Even the general purpose city-run senior program might be much better if leased out to a provider who is specialized in geriatrics.It seems the one or two beloved folks who have staffed the current center and reported to Mr. Hernandez have quit. Finding qualified geriatrics employees must be getting really hard with full-employment now.

So if it becomes desirable to use an outside provider….they will, of course, want a long-term lease. YES, This would seem to require a vote in my opinion. [Real world example: City of Mountain view leases a facility to a non-profit Alzheimer’s day care operation…where it is very hard to gain admission! Privatization? ]

Example 2: Suppose in 10 years there arise national-level, private companies that specialize in bringing instant libraries to local cities.They are ‘disrupters’ and offer services even SCCL will find hard to match. Features like… the latest in STEM equipment and STEM instructors to furnish STEM rooms…Deals with publishers to get the latest paper and e-books….Very fast response to localized demand for titles topics…Access to national book tour talent to lecture to us…less driving to Kepler’s in Menlo Park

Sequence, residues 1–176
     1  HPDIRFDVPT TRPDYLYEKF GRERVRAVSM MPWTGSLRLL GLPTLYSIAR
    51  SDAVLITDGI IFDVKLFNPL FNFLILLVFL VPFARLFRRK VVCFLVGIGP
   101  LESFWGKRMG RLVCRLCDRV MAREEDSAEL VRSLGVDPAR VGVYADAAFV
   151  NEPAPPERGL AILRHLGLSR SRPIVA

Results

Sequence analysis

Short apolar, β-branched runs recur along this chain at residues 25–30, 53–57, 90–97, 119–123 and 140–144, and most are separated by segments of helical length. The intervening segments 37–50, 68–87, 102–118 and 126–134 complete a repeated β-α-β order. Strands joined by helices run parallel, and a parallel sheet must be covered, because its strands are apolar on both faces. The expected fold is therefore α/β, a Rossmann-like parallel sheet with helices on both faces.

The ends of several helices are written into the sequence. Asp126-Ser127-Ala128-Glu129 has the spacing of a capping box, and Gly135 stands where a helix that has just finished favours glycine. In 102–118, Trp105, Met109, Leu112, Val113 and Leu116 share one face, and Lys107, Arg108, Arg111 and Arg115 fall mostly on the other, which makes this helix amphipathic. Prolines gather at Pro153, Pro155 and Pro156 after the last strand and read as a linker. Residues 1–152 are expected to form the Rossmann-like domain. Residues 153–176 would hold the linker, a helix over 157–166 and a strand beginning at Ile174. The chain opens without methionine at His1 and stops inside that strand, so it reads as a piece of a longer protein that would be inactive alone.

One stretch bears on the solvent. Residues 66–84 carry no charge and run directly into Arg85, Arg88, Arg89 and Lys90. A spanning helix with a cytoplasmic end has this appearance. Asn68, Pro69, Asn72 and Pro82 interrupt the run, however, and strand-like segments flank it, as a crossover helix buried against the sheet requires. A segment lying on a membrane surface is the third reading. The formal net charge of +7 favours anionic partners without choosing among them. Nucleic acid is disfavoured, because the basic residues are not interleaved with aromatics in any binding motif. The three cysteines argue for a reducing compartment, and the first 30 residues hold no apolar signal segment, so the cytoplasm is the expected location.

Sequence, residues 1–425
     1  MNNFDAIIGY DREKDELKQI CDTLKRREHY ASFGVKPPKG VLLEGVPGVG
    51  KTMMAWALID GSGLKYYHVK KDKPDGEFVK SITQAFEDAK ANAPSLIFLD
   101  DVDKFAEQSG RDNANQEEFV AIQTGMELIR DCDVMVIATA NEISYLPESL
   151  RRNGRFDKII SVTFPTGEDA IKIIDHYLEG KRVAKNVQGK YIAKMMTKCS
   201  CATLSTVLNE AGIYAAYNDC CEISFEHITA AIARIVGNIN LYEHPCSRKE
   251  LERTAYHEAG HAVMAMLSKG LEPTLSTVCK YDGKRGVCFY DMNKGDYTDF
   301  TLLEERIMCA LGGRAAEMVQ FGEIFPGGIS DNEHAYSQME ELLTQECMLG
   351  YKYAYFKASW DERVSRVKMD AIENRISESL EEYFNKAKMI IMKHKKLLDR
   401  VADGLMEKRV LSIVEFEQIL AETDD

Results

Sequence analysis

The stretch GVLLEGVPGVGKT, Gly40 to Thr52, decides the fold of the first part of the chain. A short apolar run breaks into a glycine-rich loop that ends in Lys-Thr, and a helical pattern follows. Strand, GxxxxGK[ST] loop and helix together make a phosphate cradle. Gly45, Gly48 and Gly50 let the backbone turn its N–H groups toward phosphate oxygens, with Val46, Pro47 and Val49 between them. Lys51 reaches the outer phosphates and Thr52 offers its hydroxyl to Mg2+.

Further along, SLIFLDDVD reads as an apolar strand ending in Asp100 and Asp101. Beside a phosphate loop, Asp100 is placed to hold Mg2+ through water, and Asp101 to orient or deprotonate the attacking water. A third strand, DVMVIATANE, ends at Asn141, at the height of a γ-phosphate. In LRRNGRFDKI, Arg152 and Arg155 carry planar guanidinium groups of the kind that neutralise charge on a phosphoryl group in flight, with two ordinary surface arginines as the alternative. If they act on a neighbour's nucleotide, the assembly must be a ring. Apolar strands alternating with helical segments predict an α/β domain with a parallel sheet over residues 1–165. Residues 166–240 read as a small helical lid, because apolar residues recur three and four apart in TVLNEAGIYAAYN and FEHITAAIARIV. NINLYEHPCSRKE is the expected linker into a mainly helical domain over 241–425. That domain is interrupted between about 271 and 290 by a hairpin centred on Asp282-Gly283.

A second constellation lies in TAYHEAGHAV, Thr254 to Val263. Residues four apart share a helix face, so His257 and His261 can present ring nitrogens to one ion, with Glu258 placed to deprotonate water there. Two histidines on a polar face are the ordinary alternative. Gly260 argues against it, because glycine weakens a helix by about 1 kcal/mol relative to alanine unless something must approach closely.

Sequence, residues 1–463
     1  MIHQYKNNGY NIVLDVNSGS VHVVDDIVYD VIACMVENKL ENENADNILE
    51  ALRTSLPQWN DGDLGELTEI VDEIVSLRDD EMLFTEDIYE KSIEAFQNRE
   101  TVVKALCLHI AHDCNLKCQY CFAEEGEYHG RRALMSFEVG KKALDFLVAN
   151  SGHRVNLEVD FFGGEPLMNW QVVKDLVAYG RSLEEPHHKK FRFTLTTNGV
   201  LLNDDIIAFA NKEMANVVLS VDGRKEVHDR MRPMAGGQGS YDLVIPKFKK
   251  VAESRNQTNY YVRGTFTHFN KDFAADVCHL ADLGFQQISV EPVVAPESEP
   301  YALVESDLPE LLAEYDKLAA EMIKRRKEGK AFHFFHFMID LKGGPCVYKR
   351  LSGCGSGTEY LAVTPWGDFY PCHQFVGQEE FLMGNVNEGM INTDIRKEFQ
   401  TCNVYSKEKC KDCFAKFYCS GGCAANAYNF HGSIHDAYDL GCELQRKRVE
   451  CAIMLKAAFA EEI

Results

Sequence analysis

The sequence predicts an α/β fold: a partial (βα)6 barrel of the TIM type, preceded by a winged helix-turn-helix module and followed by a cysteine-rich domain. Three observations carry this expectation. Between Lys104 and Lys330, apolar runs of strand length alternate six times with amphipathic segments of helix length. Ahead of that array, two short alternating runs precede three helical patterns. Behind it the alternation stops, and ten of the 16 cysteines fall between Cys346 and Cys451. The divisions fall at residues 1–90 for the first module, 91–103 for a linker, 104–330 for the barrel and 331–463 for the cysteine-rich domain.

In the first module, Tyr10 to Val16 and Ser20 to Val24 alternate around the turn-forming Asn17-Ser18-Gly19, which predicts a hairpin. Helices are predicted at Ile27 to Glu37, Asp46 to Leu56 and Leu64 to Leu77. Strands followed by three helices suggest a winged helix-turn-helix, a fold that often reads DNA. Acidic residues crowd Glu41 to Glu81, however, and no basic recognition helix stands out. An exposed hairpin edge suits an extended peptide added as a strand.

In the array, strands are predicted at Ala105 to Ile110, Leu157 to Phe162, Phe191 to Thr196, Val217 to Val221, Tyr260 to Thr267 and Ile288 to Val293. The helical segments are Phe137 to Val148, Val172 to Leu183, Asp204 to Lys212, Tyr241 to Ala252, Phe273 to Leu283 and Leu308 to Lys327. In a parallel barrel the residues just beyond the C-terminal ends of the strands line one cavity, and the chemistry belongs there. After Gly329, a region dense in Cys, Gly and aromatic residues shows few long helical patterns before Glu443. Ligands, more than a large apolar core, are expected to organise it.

If Measure C passes, City Council and staff cannot make these FUTURE decisions about new, future tenants even after public input – citizen task forces, committees, 6 months of public noticing and meeting — without a $50,000 to $300,000 vote process. Cumbersome?


To reiterate, Measure C is not about Parks, it is about Leases, and Parking Lots. Everyone knows it’s about stopping ideas in the Downtown Vision Plan and quashing changes at the Downtown Civic Center, changes which revolve around creating gathering spaces for people.

Let’s repeat.. the lead Measure C proponent contracted with a Florida marketing company to investigate the effectiveness of their messaging. A complaint has been filed with the FCCP regarding failure to report the cost of this survey. [Post about survey with its questions here.]

They used to say…
Protect our Parks and Public Lands [sic open space]

Now they say…
Preserve Los Altos Character [on their lawn signs].
Preserve and protect our community’s small-town character [on their website].